Syrian refugees wait behind a fence before going back to the northern Syrian town of Tal Abyad at the Turkish border post of Akcakale, June 17, 2015
Syrian refugees wait behind a fence before going back to the northern Syrian town of Tal Abyad at the Turkish border post of Akcakale, June 17, 2015 © Bulent Kilic - AFP
Syrian refugees wait behind a fence before going back to the northern Syrian town of Tal Abyad at the Turkish border post of Akcakale, June 17, 2015
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Dilay Gundogan
Last updated: June 18, 2015

Yearning for Syria, Tal Abyad refugees take the risk and go home

They acknowledge the risk of further violence, fear jihadists could seek to retake their home town and worry their possessions have been destroyed.

But the moment the fighting stopped, many refugees from the Syrian town of Tal Abyad could think of nothing other than going home.

Syrian Kurdish-led forces took full control of Tal Abyad on Tuesday after several days of intense fighting with Islamic State (IS) jihadists, which sparked an exodus of more than 23,000 refugees into neighbouring Turkey.

But scores of women, elderly people and children carrying their possessions crossed back into Syria through the Turkish border post of Akcakale on Wednesday.

Some flashed the V-sign to journalists trying to film their return under the watchful eye of the police.

Many say they wanted to be home for the holy Muslim fasting month of Ramadan which starts this week.

"It's not so good here... It's not like home," 40-year-old farmer Mahmud said, carrying a sack on his head.

"We want to spend our holy Ramadan in our homeland. We have been looking forward to it," he said, adding that he decided to return after speaking to his brother in Tal Abyad who said life has gone back to normal.

"In my haste I left the water pump running and I wonder what happened to my agriculture equipment which is worth thousands of dollars," he said with a worried expression.

Ahmed el-Badran, who said he just turned 90, complained he was bitter about having his birthday far from his home, which he left with his sons and grandchildren four days ago.

"Maybe it would have been better for me to stay in my village, despite what was happening there.

"But my children didn't let me stay behind," said Badran, who has been ill since his arrival in Akcakale.

"I was afraid of dying far from my land, but thank goodness I'm returning now," he said as his children carried him on a cart.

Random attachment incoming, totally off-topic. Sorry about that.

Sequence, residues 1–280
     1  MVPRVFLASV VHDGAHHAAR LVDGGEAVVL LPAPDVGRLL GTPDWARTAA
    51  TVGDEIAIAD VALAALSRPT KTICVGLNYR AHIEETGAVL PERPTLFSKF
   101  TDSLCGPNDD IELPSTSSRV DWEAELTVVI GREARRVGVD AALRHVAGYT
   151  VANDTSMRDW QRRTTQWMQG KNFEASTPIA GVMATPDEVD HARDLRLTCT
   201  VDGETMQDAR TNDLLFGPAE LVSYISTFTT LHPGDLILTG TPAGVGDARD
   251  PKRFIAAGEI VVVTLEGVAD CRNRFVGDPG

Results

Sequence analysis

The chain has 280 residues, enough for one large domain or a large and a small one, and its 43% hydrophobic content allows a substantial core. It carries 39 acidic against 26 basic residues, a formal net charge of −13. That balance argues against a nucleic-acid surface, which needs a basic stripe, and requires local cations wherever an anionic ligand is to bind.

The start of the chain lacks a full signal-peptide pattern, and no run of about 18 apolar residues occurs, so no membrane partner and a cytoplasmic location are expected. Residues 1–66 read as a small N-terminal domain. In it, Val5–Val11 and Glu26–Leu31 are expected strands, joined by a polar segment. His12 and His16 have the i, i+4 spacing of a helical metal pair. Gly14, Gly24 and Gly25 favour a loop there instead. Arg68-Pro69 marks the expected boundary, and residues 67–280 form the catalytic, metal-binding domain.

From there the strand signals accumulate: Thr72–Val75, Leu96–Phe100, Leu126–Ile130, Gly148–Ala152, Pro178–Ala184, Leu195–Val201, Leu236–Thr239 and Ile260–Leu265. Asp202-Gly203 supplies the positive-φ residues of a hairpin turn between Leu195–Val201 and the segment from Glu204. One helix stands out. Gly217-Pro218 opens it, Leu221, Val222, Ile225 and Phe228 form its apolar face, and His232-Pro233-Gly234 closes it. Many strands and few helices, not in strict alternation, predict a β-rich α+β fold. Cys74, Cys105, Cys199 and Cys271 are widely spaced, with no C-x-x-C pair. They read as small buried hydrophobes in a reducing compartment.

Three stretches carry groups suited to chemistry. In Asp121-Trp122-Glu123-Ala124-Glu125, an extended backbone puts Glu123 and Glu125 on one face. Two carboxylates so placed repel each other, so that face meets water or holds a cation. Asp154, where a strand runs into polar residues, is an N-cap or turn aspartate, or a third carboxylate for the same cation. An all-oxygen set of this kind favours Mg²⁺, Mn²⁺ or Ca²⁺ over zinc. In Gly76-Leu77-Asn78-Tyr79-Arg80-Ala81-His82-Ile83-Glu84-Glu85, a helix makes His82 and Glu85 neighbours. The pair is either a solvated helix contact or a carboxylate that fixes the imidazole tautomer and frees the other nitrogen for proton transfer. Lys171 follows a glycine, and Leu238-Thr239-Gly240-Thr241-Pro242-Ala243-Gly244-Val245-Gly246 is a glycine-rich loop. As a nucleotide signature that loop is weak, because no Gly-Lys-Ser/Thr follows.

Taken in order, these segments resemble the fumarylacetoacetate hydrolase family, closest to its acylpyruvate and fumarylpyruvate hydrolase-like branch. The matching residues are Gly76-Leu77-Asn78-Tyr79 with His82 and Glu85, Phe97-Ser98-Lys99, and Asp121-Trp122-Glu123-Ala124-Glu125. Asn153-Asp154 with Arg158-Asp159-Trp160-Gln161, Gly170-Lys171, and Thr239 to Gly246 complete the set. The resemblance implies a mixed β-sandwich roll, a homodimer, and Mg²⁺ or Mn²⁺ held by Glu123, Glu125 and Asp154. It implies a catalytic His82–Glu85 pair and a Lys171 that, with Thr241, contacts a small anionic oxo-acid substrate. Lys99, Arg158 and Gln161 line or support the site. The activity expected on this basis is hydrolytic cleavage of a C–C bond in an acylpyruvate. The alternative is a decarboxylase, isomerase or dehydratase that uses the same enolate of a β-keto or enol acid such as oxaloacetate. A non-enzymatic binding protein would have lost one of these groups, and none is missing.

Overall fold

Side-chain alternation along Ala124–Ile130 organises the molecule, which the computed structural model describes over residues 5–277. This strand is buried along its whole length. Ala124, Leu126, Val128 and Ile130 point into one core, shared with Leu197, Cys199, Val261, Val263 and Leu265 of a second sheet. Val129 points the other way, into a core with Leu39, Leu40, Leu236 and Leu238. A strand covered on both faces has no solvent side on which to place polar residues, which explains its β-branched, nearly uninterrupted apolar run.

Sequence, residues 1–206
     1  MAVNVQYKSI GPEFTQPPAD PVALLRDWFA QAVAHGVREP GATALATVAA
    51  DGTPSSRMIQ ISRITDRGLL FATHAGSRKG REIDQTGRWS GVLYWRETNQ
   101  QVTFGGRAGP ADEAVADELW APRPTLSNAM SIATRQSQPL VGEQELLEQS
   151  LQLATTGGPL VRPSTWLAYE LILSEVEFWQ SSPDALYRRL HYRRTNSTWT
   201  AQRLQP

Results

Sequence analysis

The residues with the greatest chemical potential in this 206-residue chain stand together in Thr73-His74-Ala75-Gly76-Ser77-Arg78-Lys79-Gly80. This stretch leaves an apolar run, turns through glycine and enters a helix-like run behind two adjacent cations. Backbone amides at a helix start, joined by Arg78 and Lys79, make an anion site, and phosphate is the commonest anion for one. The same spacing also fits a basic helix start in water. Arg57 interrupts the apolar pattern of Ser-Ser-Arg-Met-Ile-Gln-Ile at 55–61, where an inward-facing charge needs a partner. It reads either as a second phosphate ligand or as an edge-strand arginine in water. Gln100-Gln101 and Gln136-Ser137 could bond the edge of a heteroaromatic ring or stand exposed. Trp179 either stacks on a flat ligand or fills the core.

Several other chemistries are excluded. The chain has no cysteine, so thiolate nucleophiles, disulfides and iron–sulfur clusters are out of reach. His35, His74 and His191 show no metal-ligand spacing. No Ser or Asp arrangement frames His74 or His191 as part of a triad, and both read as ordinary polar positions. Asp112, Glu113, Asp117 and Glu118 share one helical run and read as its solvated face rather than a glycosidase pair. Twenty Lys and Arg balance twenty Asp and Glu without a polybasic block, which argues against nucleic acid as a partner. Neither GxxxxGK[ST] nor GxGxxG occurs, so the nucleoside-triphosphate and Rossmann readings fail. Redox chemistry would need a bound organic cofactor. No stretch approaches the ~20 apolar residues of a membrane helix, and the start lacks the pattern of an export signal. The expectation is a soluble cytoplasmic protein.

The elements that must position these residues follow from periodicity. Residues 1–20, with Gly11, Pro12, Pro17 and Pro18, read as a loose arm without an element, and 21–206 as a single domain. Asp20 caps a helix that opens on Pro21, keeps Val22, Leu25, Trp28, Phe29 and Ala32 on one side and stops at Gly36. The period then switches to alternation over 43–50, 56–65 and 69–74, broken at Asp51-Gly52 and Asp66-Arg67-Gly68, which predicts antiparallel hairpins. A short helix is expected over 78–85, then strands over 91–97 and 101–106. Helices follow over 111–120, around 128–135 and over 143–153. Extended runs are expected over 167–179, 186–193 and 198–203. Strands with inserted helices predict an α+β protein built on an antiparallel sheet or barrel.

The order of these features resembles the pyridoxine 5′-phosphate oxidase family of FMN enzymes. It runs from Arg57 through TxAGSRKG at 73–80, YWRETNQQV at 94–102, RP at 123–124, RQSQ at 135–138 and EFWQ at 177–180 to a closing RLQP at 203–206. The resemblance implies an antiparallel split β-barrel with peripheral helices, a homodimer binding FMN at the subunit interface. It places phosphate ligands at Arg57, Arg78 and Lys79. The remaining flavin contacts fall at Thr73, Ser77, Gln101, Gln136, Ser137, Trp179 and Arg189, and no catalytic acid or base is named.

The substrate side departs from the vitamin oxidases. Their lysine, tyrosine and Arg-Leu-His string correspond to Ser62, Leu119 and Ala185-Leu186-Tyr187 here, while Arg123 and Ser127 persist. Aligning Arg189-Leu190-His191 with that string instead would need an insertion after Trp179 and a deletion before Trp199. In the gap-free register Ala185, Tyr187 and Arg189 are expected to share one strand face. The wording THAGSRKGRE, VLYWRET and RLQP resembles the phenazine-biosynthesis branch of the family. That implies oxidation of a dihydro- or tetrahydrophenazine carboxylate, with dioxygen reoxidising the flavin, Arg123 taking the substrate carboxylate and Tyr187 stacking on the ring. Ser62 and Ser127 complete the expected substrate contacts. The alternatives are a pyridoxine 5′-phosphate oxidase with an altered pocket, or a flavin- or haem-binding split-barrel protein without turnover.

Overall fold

"As soon as I learnt that I could return home, I felt better. No words can describe how it feels."

- 'Maybe lost everything' -

Tal Abyad is just over the border from Akcakale but the flat topography means only a small amount of the town is visible from the Turkish side.

Sometimes Kurdish People's Protection Units (YPG) fighters can be seen patrolling along a fence where their flags are flying.

Trucks from Turkish emergency agency AFAD and and other aid groups meanwhile deliver food on the Turkish side to the refugees crossing into Syria.

A long queue forms by a truck distributing milk, fruit juice, sandwiches and diapers to the refugees.

Housewife Fahriye Behedi, 40, said she was afraid of air strikes from the US-led coalition and that IS could come back and try and retake the town.

"I'm returning, I left my husband there. But I'm still very afraid of the bombs, how would someone not be afraid of bombs? she said.

"When I heard the noises coming from the planes, it was very scary," said Behedi, clad in black.

"Our lives were saved, but we may have lost everything. I don't know if my two-storey house is still standing. I'm ready to be displaced again."

By early evening, around 400 people had returned to Tal Abyad, Turkish police said, a small but significant number out of 23,000 who had crossed over since the start of the fighting.

But not all the predominately ethnic Arab refugees from the town are eager to go home and some express alarm about how life will be under Kurdish rule.

Turkey has accused the YPG of carrying out ethnic cleansing to create a fully Kurdish region on its borders. But the group has slammed such claims as "unfounded slander"

Seyh Deham Haseki, 60, also a farmer, said he won't return unless the Kurds are gone, describing the IS as a "much lesser evil compared to the Kurdish militants."

"We won't accept the Kurds because this isn't their land. It has always been the Arab's land. We will stand against them until the very end," he said.

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